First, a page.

Expert Advice: Understanding Post Concussion Syndrome

Causes, Symptoms and Treatment

What is Post Concussion Syndrome?

A concussion is defined as a mild traumatic brain injury induced by biomechanical forces occurring to the brain. A concussion will result in transient impairment to neurological function, with symptoms resolving within 2 to 14 days of the initial injury (Cnossen et al., 2018).

Post-concussion syndrome (PCS) occurs when symptoms of a mild traumatic brain injury are present for more than 1 month after (Iverson et al., 2019). In mild traumatic brain injury patients, this accounts for 10-25% of people (Polinder et al., 2018). Due to varying nature of the condition, post-concussion syndrome can be hard to diagnose and therefore may be under-represented through statistics (Iverson et al., 2019).

Causes of Post Concussion Syndrome

The initial mechanism of a mild traumatic brain injury is often well recognised. These injuries may result due to a sport related injury, concussion or other non-penetrating head trauma.

A strong predictor of persistent concussive symptoms is the mechanism of the injury. This includes the initial impact force, any loss of consciousness, duration of loss of consciousness, amnesia or memory disturbances and the presence of abnormalities of the brain. Medical imaging can be used to determine the extent of a concussion and rule out any complications such as bleeding on the brain (Cnossen et al., 2018).

Other risk factors that are linked to post-concussion syndrome include:

  • Post-concussion seizure
  • Female gender
  • Age
  • Other co-existing health conditions
  • History of mild traumatic brain injury
  • History of depression, anxiety or migraine

(Cnossen et al., 2018)

What are the Symptoms of Post Concussion Syndrome?

Post-concussion syndrome may include a variety of physical, cognitive, behavioural and emotional symptoms.

These include:
  • Headaches or migraines
  • Dizziness and/or nausea
  • Fatigue
  • Anxiety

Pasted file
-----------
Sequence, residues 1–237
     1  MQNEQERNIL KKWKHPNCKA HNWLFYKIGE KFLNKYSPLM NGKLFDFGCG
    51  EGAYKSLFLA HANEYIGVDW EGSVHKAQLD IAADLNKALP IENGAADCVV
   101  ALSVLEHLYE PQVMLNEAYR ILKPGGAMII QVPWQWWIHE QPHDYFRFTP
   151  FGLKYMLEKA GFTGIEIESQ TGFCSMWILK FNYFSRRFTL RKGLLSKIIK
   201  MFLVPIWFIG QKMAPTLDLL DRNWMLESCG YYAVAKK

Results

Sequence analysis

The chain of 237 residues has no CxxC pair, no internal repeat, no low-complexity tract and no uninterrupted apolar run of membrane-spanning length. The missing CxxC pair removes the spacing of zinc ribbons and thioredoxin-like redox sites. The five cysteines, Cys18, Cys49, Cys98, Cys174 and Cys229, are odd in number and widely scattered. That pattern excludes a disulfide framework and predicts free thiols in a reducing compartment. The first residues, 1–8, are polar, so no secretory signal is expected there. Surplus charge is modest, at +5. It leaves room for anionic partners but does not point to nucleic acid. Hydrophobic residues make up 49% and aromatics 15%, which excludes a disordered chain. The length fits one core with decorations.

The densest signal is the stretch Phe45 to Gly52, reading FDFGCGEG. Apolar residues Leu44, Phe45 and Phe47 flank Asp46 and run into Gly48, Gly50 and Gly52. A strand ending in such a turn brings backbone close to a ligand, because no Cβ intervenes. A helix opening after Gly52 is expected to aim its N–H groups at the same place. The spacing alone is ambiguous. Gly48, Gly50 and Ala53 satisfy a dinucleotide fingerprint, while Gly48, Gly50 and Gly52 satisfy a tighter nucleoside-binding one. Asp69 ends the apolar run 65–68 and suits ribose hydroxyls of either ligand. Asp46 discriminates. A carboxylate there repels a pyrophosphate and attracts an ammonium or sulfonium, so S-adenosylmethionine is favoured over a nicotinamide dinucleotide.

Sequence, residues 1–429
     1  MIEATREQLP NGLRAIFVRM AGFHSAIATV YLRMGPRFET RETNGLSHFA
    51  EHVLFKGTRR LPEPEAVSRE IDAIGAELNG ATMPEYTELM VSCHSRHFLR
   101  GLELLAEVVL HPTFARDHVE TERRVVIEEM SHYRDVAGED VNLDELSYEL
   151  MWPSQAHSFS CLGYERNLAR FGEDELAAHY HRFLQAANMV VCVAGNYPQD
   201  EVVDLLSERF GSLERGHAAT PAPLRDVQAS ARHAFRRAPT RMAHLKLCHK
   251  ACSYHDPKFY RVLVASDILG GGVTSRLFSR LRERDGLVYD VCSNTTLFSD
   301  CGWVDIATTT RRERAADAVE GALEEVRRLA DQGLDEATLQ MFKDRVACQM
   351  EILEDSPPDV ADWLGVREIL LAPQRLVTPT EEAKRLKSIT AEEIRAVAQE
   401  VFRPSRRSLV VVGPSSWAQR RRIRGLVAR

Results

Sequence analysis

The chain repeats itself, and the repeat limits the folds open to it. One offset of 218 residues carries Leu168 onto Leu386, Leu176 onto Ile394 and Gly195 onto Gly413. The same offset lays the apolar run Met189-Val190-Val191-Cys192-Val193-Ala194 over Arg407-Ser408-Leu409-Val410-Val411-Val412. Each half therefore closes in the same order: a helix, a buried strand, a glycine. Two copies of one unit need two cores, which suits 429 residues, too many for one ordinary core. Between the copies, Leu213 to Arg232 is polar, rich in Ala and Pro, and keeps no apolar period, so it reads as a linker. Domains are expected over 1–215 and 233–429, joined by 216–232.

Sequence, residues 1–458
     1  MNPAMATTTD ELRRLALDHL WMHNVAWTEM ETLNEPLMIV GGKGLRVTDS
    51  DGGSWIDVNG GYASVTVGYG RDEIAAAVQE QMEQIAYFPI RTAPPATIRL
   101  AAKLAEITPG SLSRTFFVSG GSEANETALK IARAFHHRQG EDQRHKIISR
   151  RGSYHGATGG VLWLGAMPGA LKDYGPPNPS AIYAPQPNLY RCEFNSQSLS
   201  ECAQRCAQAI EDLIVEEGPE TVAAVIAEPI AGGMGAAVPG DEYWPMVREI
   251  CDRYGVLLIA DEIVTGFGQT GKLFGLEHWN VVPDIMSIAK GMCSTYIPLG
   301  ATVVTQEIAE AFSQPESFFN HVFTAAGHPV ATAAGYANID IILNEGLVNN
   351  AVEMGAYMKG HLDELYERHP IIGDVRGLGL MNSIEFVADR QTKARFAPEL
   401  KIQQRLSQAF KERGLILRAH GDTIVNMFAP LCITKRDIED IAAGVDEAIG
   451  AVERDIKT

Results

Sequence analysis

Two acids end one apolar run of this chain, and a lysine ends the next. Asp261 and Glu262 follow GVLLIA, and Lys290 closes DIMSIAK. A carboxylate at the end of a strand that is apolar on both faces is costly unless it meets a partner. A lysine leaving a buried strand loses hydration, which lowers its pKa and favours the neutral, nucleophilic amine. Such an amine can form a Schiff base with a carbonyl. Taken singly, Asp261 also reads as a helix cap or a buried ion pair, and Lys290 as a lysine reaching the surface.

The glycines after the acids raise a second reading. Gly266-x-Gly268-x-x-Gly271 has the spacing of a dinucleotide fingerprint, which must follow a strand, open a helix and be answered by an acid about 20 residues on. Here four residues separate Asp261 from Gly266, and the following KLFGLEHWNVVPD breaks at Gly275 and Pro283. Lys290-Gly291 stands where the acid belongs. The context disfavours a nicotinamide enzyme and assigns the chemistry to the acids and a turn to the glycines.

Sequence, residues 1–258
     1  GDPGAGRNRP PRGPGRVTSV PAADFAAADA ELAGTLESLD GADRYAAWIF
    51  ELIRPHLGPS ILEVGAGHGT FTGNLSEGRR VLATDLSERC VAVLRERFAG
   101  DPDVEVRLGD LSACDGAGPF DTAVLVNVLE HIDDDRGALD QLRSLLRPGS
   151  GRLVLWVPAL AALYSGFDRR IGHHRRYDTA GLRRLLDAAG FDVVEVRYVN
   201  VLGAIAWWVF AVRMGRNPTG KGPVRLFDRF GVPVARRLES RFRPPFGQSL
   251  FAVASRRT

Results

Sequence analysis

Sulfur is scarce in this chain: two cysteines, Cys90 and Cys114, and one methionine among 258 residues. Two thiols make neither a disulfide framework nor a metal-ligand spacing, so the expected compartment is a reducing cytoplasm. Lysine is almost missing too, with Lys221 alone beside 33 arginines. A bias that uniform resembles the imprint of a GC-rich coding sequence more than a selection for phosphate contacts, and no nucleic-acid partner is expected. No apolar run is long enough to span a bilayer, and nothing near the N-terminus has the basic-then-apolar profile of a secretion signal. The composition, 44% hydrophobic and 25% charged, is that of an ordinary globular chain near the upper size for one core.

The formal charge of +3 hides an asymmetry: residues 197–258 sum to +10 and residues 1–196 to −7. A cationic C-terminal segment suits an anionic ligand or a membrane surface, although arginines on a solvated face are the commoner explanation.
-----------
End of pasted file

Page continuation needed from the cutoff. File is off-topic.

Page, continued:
• Depression
  • Blurry vision or double vision
  • Ringing of the ears
  • Difficulty with concentration and memory
  • Noise and light sensitivity

It is important to note that each individual with post-concussive syndrome may present differently (Polinder et al., 2018)

What is the Medical Management of Post Concussion Syndrome?

The management of post-concussion syndrome may involve neurologists, general practitioners and physiotherapists which may assist in rehabilitation. A general practitioner and trained physiotherapist can identify concussion using diagnostic tools (Australian Institute of Sport, n.d.). Referral to a neurologist may assist with medical testing, medical imaging and diagnoses to guide rehabilitation.

Rehabilitation for Post Concussion Syndrome

Physiotherapy management of post-concussion syndrome considers biological, environmental and psychosocial factors of the individual. The physiotherapist will conduct an initial assessment to establish the relevant history, mechanism of the injury and symptoms.

A physiotherapist can assist with return to exercise and daily activities after the initial 24-48 hours period of rest (provided symptoms are not severely exacerbated). This may include graded return to sport and return to learn learning for children and adolescents (Australian Institute of Sport, n.d.).

Vestibular and oculomotor dysfunction can also be included in the management of post-concussion rehabilitation. This includes assessments of eye and head movements, and determining if any symptoms of dizziness, nausea, headache or fogginess are reproduced (Australian Institute of Sport, n.d.).


Australian Institute of Sport. (n.d.). Concussion in Australian Sport.

Cnossen, M. C., van der Naalt, J., Spikman, J. M., Nieboer, D., Yue, J. K., Winkler, E. A., Manley, G. T., von Steinbuechel, N., Polinder, S., Steyerberg, E. W., & Lingsma, H. F. (2018). Prediction of Persistent Post-Concussion Symptoms after Mild Traumatic Brain Injury. Journal of neurotrauma35(22), 2691–2698.

Iverson G. L. (2019). Network Analysis and Precision Rehabilitation for the Post-concussion Syndrome. Frontiers in neurology10, 489.

Polinder, S., Cnossen, M. C., Real, R. G. L., Covic, A., Gorbunova, A., Voormolen, D. C., Master, C. L., Haagsma, J. A., Diaz-Arrastia, R., & von Steinbuechel, N. (2018). A Multidimensional Approach to Post-concussion Symptoms in Mild Traumatic Brain Injury. Frontiers in neurology9, 1113.

Jessica Allwood